Jesus, in today’s passage, has become a walking target as a result of the spiritual audacity inherent in his claims to intimacy with God. No surprise then that John 5 leads us to the core reality grounding Jesus: the belovedness of being in intimate community with an unshakable love. The truth of this saving power of intimate community remains a core confession for progressive Christians. We, in all our profound diversity of struggle, are invited to discover that our journey is not alone. We are in the company of the Divine Presence. Jesus shares the truth of luminous intimacy realized in community with those who empower our sense of belovedness by God.  

It’s interesting, then, to note what this passage omits. Unlike passages willing to offer us gratifying glimpses and insight into the oh-so-sane and kick-ass mind of the divine incarnate who fearlessly exposes hypocrisy and calls out his haters, this passage practices restraint. This passage withholds insight into the poignant human realities of Jesus’ disillusionment, hurt, uncertainty, terror (and even rage that might serve as a comfort to us when facing the regrettable persecution of threats to our well-being or our loved ones).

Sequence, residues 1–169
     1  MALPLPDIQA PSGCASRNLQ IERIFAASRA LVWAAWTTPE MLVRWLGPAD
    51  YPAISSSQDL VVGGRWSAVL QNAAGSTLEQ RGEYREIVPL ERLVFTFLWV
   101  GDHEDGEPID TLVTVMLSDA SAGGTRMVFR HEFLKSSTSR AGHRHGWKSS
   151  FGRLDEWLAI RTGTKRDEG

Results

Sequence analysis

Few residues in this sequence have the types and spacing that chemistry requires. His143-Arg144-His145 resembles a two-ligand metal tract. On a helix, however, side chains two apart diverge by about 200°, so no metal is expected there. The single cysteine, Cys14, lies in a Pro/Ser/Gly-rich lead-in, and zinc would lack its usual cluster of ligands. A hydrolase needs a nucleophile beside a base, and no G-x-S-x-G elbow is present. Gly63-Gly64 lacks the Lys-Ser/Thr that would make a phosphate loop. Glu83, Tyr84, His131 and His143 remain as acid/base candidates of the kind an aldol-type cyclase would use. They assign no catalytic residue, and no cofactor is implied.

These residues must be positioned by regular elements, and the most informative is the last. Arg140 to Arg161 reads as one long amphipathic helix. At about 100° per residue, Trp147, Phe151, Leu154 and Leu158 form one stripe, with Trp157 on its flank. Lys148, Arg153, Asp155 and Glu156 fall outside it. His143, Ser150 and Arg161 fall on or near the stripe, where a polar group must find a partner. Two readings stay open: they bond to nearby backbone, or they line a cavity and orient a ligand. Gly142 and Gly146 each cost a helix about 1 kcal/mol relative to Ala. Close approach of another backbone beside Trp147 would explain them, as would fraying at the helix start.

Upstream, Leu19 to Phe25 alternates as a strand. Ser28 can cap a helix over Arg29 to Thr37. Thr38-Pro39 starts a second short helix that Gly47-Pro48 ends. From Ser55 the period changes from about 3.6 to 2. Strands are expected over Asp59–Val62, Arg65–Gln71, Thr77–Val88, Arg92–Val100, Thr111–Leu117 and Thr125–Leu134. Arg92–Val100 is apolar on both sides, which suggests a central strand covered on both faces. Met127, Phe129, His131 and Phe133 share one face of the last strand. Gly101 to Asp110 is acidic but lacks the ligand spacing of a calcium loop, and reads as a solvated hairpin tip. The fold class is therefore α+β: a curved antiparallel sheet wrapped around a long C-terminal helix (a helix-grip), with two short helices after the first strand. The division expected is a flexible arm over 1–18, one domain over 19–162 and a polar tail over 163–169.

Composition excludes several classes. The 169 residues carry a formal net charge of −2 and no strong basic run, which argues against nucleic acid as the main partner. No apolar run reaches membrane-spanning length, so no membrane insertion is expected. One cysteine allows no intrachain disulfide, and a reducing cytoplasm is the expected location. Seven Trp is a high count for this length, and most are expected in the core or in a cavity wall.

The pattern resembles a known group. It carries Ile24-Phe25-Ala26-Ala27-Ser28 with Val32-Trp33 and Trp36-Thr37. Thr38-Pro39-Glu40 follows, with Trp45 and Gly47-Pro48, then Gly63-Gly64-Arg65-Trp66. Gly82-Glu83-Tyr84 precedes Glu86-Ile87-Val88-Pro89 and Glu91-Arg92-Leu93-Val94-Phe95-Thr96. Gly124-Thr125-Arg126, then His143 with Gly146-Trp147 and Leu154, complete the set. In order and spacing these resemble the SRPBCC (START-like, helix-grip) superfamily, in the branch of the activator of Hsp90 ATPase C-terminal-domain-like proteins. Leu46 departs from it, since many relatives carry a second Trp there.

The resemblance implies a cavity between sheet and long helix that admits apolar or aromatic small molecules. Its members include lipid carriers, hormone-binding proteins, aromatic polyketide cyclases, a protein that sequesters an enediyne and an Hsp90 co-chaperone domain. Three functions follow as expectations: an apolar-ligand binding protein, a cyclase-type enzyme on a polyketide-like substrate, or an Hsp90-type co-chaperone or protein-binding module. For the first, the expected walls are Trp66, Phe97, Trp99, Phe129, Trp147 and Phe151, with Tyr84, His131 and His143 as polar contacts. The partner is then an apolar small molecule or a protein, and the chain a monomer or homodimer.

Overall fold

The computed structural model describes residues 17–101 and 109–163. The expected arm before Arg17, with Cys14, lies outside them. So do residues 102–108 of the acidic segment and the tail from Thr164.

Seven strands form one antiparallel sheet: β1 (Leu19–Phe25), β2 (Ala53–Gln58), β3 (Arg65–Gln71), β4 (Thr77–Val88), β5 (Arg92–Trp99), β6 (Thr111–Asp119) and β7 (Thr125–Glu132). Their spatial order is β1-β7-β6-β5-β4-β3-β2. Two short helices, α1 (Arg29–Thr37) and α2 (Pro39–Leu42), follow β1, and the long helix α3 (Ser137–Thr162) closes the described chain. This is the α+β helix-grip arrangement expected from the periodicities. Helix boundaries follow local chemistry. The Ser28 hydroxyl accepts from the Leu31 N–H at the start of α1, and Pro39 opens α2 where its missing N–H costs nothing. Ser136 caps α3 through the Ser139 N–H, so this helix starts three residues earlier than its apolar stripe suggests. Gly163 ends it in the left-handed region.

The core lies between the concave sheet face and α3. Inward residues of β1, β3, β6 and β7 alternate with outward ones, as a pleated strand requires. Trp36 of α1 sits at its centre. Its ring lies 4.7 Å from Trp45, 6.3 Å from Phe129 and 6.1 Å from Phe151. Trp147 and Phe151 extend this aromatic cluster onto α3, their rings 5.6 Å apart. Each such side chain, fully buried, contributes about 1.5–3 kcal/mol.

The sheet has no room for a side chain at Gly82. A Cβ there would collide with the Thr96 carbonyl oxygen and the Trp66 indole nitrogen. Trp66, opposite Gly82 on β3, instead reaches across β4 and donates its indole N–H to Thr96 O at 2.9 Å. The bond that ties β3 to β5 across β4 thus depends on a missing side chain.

What we have instead are a series of confessions by Jesus that some consider unmatched elsewhere in scripture. Jesus professes his utter interdependence and reliance on God for originating his way of being. He confesses experiencing intimate belovedness with God. He proclaims a confidence in the clarity and authority of his own discernment. He confesses confidence in a promise of eternity replete with endless Presence. He promises the ability to hear and know the Divine can be ours. He declares that the validity of his testimony will be confirmed by others.

In all this, he bears unfaltering witness to the fact that he is not alone. Not. Alone.

The words of Jesus testify to an unshakable conviction in an enduring sense of community with the Divine. His claims are unstintingly audacious throughout, and in them we are reminded: we should be no less confident and audacious in our knowing of the love of God for us. John 5 reminds us that we do not live and love and serve apart from our enduring relationship with the Divine. We are bathed in a relationality of light and love that promises to glow all the more luminously against the darkness of threats and hate that we may encounter in our faithfulness.

ClosingWhat do you fear losing by doing the right thing?

Are there vulnerabilities in your sense of intimacy with God?